LAS VEGAS - Officials closed their investigation Friday of the deadliest mass shooting in modern U.S. history, concluding the gunman acted alone, with no discernible motive.
Stephen Paddock, who in October 2017 killed 58 people and injured over 800 more by firing into a concert crowd gathered below his hotel room on the Las Vegas Strip, was an otherwise "unremarkable man" with a troubled mind, Clark County Sheriff Joe Lombardo said at a press conference Friday.
Paddock was found dead in his hotel room, at the Mandalay Bay resort, of an apparent self-inflicted gunshot wound following the shooting. He was 64.
"What we have been able to answer are the questions of who, what, when, where and how," Lombardo said. "What we have not been able to definitively answer is ... why Stephen Paddock committed this act."
The 10-month investigation found that Paddock's friends and family reported him growing increasingly unstable in the months leading up to the shooting.
Bruce Paddock, Stephen's brother, said he believed Stephen had "mental illness and was paranoid and delusional." And Stephen Paddock's doctor thought he could be bipolar, authorities said.
Marilou Danley, Paddock's girlfriend, told investigators that Paddock's doctors had told him he had a "chemical imbalance." Danley also said Paddock would refuse to shake hands with others.
Danley was in the Philippines at the time of the shooting, and said she had no knowledge of her boyfriend's plans. Authorities had earlier announced they did not plan to bring charges against Danley.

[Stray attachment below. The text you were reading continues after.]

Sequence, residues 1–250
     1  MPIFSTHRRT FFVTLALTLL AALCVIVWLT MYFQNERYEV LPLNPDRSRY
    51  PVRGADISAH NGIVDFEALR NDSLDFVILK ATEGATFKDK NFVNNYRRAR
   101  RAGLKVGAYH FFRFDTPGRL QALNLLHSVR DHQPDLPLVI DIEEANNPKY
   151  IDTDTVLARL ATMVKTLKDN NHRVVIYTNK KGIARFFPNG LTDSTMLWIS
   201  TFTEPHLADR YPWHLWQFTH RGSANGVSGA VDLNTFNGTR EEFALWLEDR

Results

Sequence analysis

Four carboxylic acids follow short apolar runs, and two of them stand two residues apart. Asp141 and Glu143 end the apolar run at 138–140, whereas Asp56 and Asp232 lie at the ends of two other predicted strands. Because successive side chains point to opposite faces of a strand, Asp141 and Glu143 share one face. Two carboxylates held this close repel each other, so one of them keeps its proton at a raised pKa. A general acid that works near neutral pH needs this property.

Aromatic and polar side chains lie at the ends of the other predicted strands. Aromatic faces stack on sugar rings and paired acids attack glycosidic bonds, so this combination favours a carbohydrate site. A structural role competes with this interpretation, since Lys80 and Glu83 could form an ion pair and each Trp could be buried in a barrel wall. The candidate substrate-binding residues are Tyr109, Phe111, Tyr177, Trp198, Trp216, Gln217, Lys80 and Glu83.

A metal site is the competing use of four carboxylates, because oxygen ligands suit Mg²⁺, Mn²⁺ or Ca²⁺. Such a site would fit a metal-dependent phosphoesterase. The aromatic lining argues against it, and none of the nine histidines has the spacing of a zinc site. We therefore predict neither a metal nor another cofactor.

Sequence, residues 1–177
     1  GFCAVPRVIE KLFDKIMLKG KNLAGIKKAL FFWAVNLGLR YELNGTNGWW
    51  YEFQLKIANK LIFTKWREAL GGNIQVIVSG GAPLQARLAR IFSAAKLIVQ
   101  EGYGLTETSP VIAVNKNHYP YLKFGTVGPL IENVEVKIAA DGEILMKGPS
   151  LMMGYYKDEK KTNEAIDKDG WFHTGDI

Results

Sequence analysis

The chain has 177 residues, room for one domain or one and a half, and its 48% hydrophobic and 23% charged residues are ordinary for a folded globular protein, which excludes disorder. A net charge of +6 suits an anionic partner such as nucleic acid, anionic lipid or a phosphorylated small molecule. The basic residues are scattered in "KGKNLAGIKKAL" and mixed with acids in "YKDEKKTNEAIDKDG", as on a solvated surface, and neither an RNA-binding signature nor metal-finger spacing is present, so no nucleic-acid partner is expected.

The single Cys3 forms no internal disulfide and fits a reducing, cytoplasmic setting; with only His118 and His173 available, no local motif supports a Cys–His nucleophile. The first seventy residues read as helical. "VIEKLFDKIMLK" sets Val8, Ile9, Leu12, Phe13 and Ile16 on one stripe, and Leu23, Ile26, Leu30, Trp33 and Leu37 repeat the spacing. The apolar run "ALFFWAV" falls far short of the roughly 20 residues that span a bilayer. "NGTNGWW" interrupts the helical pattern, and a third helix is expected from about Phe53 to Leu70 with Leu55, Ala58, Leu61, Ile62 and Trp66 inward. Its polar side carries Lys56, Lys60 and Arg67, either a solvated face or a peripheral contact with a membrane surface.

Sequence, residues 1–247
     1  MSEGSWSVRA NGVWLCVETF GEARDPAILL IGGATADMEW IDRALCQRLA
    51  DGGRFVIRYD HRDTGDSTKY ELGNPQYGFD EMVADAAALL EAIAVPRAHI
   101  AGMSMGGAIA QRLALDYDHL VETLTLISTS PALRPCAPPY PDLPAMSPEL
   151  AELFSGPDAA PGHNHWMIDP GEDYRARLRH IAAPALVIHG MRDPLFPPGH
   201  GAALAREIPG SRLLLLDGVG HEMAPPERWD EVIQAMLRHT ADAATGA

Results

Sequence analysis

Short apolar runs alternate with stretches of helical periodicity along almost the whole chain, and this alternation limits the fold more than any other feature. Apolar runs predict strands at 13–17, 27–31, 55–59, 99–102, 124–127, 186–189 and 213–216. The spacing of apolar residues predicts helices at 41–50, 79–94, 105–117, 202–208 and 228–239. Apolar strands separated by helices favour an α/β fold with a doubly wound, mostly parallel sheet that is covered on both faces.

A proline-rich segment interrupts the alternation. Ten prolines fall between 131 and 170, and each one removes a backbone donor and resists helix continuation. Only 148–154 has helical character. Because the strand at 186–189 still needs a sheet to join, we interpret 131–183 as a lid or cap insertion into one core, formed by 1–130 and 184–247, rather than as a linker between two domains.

"Paddock was described by many as a narcissist and only cared about himself," the report read. "[He] needed to feel important and only cared how relationships would benefit him."
Paddock's financial records also revealed he had lost $1.5 million in the two years leading up to the attack. Earlier reports had characterized Paddock as a frequent gambler, and patron of the casinos of Las Vegas.
The Las Vegas Police Department also announced that no further charges would be sought in connection with the attack.
In February, an Arizona man named Douglas Haig was charged with selling Paddock armor-piercing bullets without a license to do so. Haig, who has pled not guilty, is the only person to have charges brought against them in connection with the attack.
The Federal Bureau of Investigation is expected to release a psychological profile of Paddock later this year, Lombardo said.